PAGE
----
Women and HIV Who is at risk? Pregnant women Women with frequent yeast infections Women with other vaginal infections Women who have sex without a condom Women who share needles Women who had blood transfusion before 1986 Women from other countries where universal precautions are not practiced Women whose partners have unprotected sex with them and others
Pediatric and Adolescent HIV Who is at risk? Infants, children and youth born to a positive mother Infants exposed to pre-mastication Breastfeeding from positive mom Children and youth who have been sexually abused Youth who have unprotected sex or share needles
June 201058www.aidsetc.org Preconception Counseling & Care Recommendations for Women of Childbearing Age Contraception counseling to avoid unintended pregnancy is an essential part of care Counsel on safe sexual practices, eliminating alcohol, illicit drug use, and smoking Evaluation of HIV-infected woman includes assessment of HIV disease status and need for ARV therapy For women on ART, review regimen in terms of potential pregnancy; avoid EFV Attain a stable maximally suppressed VL prior to conception
Removing Perinatal Transmission Risks in HIV Positive Pregnant Women You can help!
Possible Missed Opportunities to Prevent Perinatal Transmission of HIV Among HIV/AIDS Cases Born in and Reported in Florida, 2000-2008**** (N=170)
Ways you can help! Incorporate HIV education into all your cases Learn what women should expect during pregnancy care if positive and educate them to make sure gaps are avoided Emphasize protection for women who test negative at the beginning of pregnancy Remove stigma and discrimination by normalizing HIV as a disease that can affect any woman in pregnancy.
Participants will know the necessary management of HIV pregnant women in order to prevent perinatal transmission.
Basic HIV education HIV is the virus that causes Acquired Immuno-Deficiency Syndrome(AIDS) If you get medical care & take treatment, you can expect essentially a normal life expectancy Transmission is through exchange of body fluids/blood- anyone who has unprotected sex is at risk. This means ALL PREGNANT WOMEN Rates are very high in Florida and you cannot tell by looking at someone that they have HIV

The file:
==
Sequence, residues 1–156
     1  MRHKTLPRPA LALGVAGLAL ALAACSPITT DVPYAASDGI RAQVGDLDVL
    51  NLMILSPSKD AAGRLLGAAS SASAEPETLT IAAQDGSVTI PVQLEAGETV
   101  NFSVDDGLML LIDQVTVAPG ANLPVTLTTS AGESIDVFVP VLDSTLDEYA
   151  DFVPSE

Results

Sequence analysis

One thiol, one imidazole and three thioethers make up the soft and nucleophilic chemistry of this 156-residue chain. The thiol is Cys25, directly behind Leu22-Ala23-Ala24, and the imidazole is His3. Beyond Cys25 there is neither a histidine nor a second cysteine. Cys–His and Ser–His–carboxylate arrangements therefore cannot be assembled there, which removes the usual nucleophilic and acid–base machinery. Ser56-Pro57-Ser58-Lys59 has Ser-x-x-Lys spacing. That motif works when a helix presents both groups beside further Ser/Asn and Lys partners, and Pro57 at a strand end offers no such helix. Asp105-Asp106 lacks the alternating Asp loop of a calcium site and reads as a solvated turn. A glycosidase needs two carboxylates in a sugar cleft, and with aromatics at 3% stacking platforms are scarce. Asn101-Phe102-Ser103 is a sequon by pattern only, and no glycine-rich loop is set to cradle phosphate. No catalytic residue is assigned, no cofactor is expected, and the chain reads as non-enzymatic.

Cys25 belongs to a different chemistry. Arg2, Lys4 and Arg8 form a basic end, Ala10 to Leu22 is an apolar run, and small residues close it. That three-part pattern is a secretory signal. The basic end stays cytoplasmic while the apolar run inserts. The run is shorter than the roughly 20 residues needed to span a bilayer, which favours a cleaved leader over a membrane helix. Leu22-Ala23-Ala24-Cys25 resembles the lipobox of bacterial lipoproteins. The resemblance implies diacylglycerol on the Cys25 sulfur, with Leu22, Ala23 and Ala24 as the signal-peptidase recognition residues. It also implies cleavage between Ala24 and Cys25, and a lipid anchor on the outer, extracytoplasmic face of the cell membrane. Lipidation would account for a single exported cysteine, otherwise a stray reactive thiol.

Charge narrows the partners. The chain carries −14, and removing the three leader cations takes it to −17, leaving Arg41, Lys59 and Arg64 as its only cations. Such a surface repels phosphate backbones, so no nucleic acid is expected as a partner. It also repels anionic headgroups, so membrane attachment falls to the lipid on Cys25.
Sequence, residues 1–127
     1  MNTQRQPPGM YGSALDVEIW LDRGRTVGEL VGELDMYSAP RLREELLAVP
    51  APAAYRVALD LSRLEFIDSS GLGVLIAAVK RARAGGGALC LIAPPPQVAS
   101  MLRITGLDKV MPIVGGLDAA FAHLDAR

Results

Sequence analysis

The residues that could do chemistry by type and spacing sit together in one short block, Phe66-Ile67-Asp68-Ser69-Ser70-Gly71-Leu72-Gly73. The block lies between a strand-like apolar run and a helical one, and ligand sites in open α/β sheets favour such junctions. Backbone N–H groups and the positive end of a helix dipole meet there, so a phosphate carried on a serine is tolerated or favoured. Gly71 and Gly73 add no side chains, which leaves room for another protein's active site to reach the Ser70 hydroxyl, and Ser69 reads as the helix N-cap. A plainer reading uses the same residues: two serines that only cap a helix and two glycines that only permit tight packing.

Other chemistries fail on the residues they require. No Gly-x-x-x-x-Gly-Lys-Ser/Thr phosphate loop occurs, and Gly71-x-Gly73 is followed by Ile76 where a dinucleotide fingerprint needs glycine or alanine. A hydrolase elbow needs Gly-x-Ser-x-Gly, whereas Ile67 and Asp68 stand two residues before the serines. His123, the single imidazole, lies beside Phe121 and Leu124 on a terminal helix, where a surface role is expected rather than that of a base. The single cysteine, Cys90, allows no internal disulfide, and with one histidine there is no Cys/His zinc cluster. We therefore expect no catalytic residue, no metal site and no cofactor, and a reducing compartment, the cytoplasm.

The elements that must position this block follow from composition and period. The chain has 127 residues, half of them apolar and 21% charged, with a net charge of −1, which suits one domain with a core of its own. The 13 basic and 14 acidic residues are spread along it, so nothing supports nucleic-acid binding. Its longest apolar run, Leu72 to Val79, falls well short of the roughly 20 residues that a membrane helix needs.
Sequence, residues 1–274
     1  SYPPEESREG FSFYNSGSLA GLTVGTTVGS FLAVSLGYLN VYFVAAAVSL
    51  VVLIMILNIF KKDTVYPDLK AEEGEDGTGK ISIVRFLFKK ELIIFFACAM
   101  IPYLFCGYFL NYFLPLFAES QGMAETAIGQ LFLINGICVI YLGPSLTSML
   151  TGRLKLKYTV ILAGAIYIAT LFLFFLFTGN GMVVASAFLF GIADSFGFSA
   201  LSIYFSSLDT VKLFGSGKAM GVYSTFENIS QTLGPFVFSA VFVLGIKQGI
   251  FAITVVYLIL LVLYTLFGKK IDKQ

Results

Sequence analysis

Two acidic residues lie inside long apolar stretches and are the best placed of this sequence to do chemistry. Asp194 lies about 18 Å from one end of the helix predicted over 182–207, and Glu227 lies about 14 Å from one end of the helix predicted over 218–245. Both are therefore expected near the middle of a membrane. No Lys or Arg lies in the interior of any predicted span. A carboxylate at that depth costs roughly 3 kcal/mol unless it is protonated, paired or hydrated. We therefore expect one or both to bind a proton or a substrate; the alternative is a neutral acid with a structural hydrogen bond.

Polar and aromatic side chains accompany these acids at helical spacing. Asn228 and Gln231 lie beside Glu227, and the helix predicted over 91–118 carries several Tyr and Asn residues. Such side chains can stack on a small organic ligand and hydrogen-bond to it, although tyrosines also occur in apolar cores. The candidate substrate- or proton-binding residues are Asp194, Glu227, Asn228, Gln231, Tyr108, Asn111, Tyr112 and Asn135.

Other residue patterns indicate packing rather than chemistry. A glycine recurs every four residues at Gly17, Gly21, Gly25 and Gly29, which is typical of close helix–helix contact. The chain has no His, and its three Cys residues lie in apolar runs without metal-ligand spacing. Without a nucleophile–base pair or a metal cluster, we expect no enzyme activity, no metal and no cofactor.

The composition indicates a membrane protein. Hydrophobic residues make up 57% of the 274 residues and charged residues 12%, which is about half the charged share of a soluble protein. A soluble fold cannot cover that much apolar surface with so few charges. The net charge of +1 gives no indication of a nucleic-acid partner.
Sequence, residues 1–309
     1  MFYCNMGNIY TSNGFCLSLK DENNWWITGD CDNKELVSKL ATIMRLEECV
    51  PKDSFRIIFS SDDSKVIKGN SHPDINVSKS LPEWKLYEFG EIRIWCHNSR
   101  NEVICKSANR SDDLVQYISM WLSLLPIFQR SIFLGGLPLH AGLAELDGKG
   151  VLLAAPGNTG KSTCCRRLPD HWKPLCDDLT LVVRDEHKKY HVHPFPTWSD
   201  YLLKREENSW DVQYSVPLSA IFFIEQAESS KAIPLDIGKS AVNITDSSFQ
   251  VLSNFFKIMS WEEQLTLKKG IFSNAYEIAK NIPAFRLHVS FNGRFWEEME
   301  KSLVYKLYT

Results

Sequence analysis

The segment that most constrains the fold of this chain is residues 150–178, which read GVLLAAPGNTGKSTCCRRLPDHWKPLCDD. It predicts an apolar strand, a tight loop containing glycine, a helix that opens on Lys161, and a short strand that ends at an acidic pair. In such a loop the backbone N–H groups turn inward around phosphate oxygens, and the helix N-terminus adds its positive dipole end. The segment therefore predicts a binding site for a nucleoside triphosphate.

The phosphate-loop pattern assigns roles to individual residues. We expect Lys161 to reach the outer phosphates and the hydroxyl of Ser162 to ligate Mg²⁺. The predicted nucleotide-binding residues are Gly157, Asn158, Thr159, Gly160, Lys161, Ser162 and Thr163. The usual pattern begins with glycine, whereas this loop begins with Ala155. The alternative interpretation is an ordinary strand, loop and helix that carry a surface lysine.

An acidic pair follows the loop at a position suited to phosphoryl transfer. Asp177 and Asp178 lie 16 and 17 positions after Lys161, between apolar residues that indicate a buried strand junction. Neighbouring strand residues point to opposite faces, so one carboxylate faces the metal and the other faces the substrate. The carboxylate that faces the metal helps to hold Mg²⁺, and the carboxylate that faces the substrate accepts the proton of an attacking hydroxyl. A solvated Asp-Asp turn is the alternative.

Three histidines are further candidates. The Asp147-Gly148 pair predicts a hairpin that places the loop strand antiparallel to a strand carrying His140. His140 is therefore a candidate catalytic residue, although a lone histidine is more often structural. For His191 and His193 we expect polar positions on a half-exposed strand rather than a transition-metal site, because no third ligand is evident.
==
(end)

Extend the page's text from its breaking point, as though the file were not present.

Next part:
Basic HIV education With medications and prenatal care you can have an HIV negative healthy baby You can receive care and treatment even if you have no insurance or even if you are not here legally You cannot pass HIV to others by everyday casual contact Your test results are super confidential- no one but the doctor and health department need to know
June 201066www.aidsetc.org Pregnancy Counseling and Care Recommendations Assessment of HIV disease status Resistance testing Recommendations regarding initiating ART or altering the current ARV regimen- Use ZDV in 3 drug regimen when feasible ARV prophylaxis for ALL pregnant HIV- infected women, regardless of VL or CD4 count (AI) Discuss known benefits and potential risks of ARVs during pregnancy (AIII)
June 2010 68 www.aidsetc.org Types of ARV Regimens for Pregnant Women NNRTI based (1 NNRTI + 2 NRTI backbone) PI based (1 or 2 PIs + 2 NRTI backbone)
June 2010 69 www.aidsetc.org Lab Monitoring Check CD4 cell count at initial visit (AI) Monitor CD4 at least every 3 months thereafter (BIII) Monitor plasma HIV RNA levels Offer C- section at 38 weeks, if viral load not below 1000 c/ml at 36 weeks/near delivery
Intrapartum Management IV ZDV recommended for all HIV-infected women during labor Scheduled Cesarean delivery recommended for women on ART who have suboptimal Viral Load suppression >1000c/ml Avoid Artificial ROM, Invasive monitoring and/or Forceps or vacuum assistance
June 201072www.aidsetc.org Intrapartum ARV Prophylaxis For women with unknown HIV status who present in labor, perform rapid HIV antibody testing (AII) If first test result is positive Start IV ZDV immediately (without waiting for confirmatory test result) Perform confirmatory test (AII) If confirmatory test is positive, give infant 6 weeks of ZDV (AI) If confirmatory test is negative, infant ZDV is stopped
June 201073www.aidsetc.org Intrapartum ARV Prophylaxis If mother received no antepartum ARVs, start IV ZDV during labor and give 6 weeks of infant ZDV (AII) Few data on benefit of adding other ARVs to intrapartum/ newborn ZDV regimen Some experts combine IV intrapartum/6- week newborn ZDV with single-dose NVP (CIII) If single-dose NVP is given, cover with ARV tail to reduce NVP resistance (AII)
June 201075www.aidsetc.org Postpartum Follow-Up Immediate postpartum period poses unique challenges for adherence (AII) New or continued supportive services arranged before discharge Breastfeeding not recommended in US due to the risk of transmission of HIV via breast milk (AI)